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“ Shifting the prize in unresolving hands ; “ Unus'd to wait, I broke through her delay, “ Fix'd her by force, and snatch'd the doubtful day. “ Now late I find that war is but her sport; « In love the goddess keeps her awful court;" Fickle in fields, unsteadily she fies, But rules with settled sway in Zara's eyes. [Exit.
ACT II. SCENE 1.
Representing the Aisle of a Temple. “ GARCIA, Heli,
" Garcia. “ This way we're told, Osmyn was seen to walk; 6. Choosing this lonely mansion of the dead, “ To mourn, brave Heli, thy mistaken fate. “ Heli. Let Heav'n with thunder to the centre strike
me, “ If to arise in very deed from death, “ And to revisit, with my long-clos'd eyes, “ This living light, could to my soul or sense “ Afford a thought, or shew a glimpse of joy, “ In least proportion to the vast delight “ I feel, to hear of Osmyn's name; to hear “ That Osmyn lives, and I again shall see him. " Garcia. I've heard, with admiration, of your
. friendship. “ Per. Yonder, my lord, behold the noble Moor.
“ Hel. Where? Where ? « Gar. I saw him not, nor any like him “ Per. I saw him when I spoke, thwarting my view, " And striding with distemper'd haste; his eyes " Seem'd flame, and Aash'd upon me with a glance ; " Then forward shot their fires which he pursu'd, “ As to some object frightful, yet not fear'd. 20 66 Gar. Let's haste to follow him, and know the
cause. “ Hel. My lord, let me intreat you to forbear: " Leave me alone, to find and cure the cause. “ I know his melancholy, and such starts “ Are usual to his temper. It might raise him “ To act some violence upon himself, “ So to be caught in an unguarded hour, " And when his soul gives all her passion way, “ Secure and loose in friendly solitude. " I know his noble heart would burst with shame, “ To be surpris'd by strangers in its frailty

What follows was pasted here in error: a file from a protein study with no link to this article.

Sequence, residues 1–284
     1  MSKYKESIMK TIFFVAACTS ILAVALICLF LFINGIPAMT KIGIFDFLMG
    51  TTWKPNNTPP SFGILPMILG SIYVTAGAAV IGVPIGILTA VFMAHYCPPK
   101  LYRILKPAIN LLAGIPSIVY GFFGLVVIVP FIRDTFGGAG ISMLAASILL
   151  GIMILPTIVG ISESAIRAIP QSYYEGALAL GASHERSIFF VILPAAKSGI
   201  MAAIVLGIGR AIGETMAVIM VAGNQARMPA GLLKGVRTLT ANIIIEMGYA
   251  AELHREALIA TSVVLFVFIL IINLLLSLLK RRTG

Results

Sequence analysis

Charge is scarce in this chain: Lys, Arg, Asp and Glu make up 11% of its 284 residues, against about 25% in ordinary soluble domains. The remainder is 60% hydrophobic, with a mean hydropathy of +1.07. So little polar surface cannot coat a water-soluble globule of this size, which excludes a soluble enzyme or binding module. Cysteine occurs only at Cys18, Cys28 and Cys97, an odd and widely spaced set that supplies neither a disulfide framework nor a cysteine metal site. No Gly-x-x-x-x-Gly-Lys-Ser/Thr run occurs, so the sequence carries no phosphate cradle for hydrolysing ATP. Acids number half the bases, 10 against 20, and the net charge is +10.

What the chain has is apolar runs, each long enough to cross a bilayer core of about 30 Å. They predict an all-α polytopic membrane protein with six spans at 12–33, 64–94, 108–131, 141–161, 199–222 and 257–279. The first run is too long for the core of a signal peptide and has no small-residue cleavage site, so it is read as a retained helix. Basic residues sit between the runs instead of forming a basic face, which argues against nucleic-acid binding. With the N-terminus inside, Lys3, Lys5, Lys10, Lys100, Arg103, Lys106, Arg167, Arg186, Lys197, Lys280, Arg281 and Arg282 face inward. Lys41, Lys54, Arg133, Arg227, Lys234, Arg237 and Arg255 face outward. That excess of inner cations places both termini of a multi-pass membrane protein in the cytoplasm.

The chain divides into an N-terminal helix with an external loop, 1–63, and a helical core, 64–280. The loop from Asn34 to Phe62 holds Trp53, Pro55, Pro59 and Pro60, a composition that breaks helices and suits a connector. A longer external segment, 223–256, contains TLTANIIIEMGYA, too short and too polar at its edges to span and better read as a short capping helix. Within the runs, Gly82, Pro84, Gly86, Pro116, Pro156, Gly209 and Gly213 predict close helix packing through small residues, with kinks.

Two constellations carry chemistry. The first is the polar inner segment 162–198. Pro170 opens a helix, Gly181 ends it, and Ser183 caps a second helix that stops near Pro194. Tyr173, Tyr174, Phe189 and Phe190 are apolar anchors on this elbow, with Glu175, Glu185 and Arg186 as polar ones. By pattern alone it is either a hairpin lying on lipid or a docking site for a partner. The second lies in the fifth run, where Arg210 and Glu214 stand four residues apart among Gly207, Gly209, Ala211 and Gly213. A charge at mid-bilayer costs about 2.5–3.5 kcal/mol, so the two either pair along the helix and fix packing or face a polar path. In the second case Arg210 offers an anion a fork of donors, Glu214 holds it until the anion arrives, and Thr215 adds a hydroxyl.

" Gar. Go, generous Heli, and relieve your friend. 6. Far be it from me officiously to pry “ Or press upon the privacies of others. [Exit Heli. " Perez, the king expects from our return “ To have his jealousy confirm'd, or clear'd, “ Of that appearing love which Zara bears “ To Osmyn; but some other opportunity “ Must make that plain.
“ Per. To me 'twas long since plain, “ And ev'ry look from him and her confirms it.
“ Gar. If so, unhappiness attends their love,
" And I could pity'em. I hear some coming. " The friends, perhaps, are met; let us avoid 'em.
[Exeunt. Enter Almeria and LEONORA. Alm. It was a fancy'd noise, for all is hush'd. Leon. It bore the accent of a human voice.
Alm. It was thy fear, or else some transient wind Whistling through hollows of this vaulted aisle. We'll listen
Leon. Let us return; the horror of this place And silence will encrease your melancholy.
Alm. It may my fears, but cannot add to that.' No, I will on; shew me Anselmo's tomb, Lead me o'er bones and sculls, and mould'ring earth, Of human bodies; for I'll mix with them,
Or wind me in the shroud of some pale corse
Opening, discovers a Place of Tombs: one Monument front.
ing the view greater than the rest.
Enter ALMERIA and LEONORA. Leon. Behold the sacred vault, within whose womb The poor remains of good Anselmo rest, Yet fresh and unconsum’d by time or worms. What do I see? Oh, Heav'n! either my eyes Are false, or still the marble door remains Unclos’d; the iron gates, that lead to death
Beneath, are still wide stretch'd upon their hinge,
Alm. Sure 'tis the friendly yawn of death for me;
Osmyn ascending from the tomb. Osm. Who calls that wretched thing that was Al
phonso ? Alm. Angels, and all the host of Heav'n, support
me? Osm. Whence is that voice, whose shrillness from